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How can mobile technology help underpin reproductive rights?

Updated Saturday, 9 November 2019
The spread of mobile phone access is helping revolutionise the way data on family planning is being used and shared, reports Christabel Ligami

An innovative mobile technology is helping countries in Sub-Sahara Africa access vital data on family planning and reproductive health every six months.
Performance Monitoring and Accountability 2020 (PMA2020), which uses the mobile technology, provides information useful for reporting, planning, operational decisions and advocacy at the community, country and global levels.

Marketplace in Burkina Faso A marketplace in Burkina Faso
The project is currently implemented in eight countries in Sub-Saharan Africa — Burkina Faso, Democratic Republic of Congo, Ethiopia, Ghana, Kenya, Nigeria, Niger and Uganda — and two countries in Asia (India and Indonesia) through in-country partner universities and research organisations, with the aim of building local capacity.

PMA2020 is a US$40 million project funded by the Bill & Melinda Gates Foundation.
Data on family planning are usually available every five years through countries’ demographic and health surveys.
“PMA2020 is making this data available every six months, which could change the game by enabling policymakers to make real-time decisions,” said Selamawit Desta, program officer of PMA2020 at Bill and Melinda Gates Institute for Population and Reproductive Health located at the US-based Johns Hopkins Bloomberg School of Public Health, during the meeting in Kenya on 27 June.
The meeting involving the Bill and Melinda Gates Foundation, the United Nations Population Fund and the Kenya government aimed to assess the country’s progress in addressing family planning issues.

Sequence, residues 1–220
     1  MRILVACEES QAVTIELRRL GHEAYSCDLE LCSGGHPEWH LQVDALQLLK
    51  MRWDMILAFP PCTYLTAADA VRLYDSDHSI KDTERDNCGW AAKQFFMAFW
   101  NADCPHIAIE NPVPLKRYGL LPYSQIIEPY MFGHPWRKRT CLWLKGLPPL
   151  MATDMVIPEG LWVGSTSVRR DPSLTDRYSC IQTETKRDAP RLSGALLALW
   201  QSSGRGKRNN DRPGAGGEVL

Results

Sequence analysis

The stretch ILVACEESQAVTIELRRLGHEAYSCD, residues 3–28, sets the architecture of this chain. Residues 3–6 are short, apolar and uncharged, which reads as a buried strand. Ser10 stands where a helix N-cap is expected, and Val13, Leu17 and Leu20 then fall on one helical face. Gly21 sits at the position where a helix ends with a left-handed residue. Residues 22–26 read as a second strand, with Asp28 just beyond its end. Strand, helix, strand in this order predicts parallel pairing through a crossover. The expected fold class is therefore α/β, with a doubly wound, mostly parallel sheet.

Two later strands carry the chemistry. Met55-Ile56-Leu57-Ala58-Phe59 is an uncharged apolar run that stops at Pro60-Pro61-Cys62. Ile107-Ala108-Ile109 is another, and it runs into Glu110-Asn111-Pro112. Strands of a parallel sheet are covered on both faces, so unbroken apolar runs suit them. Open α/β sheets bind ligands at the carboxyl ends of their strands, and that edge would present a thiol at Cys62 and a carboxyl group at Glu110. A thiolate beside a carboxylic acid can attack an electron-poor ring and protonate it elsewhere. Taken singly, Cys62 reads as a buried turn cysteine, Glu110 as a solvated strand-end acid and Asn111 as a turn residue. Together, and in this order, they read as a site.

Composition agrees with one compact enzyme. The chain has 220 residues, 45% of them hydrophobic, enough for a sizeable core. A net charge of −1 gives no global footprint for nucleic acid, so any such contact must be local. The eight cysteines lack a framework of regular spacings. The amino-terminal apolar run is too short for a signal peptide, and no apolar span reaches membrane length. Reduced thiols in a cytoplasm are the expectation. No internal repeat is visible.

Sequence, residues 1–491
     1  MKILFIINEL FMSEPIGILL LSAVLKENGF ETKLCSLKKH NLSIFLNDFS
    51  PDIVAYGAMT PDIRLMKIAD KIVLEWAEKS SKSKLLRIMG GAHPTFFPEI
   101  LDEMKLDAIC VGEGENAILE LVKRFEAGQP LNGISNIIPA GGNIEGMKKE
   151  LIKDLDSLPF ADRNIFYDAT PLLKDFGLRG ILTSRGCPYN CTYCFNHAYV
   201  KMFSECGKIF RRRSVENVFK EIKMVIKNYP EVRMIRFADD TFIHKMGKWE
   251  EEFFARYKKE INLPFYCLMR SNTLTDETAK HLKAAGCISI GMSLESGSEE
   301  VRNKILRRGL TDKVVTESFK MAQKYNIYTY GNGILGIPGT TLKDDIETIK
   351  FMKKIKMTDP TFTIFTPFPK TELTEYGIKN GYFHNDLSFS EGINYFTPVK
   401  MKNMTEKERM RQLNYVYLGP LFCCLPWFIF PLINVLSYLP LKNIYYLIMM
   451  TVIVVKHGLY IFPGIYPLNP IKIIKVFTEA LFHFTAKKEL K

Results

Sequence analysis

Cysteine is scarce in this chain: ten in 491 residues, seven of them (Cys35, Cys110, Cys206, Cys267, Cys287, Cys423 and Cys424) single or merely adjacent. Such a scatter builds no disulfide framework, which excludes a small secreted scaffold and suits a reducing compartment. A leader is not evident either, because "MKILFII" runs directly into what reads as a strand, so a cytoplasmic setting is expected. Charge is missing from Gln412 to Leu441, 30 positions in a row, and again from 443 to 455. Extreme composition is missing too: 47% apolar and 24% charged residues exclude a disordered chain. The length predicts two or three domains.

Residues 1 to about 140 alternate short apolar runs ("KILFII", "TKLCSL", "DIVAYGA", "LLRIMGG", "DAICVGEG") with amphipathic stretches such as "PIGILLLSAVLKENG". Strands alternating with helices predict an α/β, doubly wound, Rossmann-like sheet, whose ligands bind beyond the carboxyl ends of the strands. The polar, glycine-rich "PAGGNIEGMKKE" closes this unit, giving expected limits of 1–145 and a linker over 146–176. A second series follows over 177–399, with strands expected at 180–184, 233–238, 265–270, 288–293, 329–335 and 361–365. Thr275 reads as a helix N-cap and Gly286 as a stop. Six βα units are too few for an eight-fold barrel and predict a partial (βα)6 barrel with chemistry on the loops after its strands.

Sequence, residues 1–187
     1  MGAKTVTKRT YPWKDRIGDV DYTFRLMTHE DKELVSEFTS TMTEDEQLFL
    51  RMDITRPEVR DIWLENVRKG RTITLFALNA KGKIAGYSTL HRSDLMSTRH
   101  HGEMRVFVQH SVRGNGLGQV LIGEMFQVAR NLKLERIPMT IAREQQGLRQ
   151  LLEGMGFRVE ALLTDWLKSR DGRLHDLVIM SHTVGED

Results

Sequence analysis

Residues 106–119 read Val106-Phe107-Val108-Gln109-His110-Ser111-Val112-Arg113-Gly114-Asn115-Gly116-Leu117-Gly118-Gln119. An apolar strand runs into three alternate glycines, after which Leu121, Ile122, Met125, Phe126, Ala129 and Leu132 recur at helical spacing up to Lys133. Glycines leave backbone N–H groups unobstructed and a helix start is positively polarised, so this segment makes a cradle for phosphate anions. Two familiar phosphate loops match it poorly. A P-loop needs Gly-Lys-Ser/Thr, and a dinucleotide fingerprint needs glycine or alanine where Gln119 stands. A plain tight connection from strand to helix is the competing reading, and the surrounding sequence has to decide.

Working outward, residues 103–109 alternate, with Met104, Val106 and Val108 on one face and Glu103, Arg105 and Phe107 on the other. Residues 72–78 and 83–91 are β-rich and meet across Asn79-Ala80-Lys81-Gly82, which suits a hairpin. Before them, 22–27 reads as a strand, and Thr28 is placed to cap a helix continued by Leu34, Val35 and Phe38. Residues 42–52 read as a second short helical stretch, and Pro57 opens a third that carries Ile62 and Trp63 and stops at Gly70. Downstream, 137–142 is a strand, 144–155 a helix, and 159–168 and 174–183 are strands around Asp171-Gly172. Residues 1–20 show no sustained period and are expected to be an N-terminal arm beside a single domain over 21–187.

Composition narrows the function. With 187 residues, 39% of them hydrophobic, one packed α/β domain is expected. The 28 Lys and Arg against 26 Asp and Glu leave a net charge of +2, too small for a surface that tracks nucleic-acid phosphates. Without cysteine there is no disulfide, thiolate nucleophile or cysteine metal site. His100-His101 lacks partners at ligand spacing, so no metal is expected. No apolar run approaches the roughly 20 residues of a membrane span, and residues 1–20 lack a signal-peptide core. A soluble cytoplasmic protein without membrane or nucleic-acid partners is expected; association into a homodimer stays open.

“We are hopeful that we can attract investments that will allow the data collection platforms to continue to the year 2020 and beyond,” Desta added.
Peter Gichangi, director of science and research at International Centre for Reproductive Health Kenya, the PMA2020 implementing partner in Kenya, says that a network of resident enumerators use mobile phones to collect data at in  households and health facilities, and transfer the data to a central server.
“The data is then validated, aggregated and prepared into tables and graphs, making results more quickly available to stakeholders as compared to a paper-and-pencil survey,” Gichangi adds, noting that it takes two to four weeks to create the accessible results.
Kigen Bartilol, head of Reproductive and Maternal Health Unit of Kenya’s Ministry of Health, says that his outfit is closely working with the PMA2020 and will integrate the data into national monitoring and evaluation systems.

Babatunde Osotimehin, executive director and under-secretary-general of the United Nations, tells SciDev.Net that governments and all partners in reproductive health need to provide information and access to voluntary family planning to all people of reproductive age.
“These will enable both women and men to make informed decisions about their reproductive health and all individuals to protect themselves from infections,” Osotimehin adds.

This article was originally published by SciDevNet under a CC-BY licence


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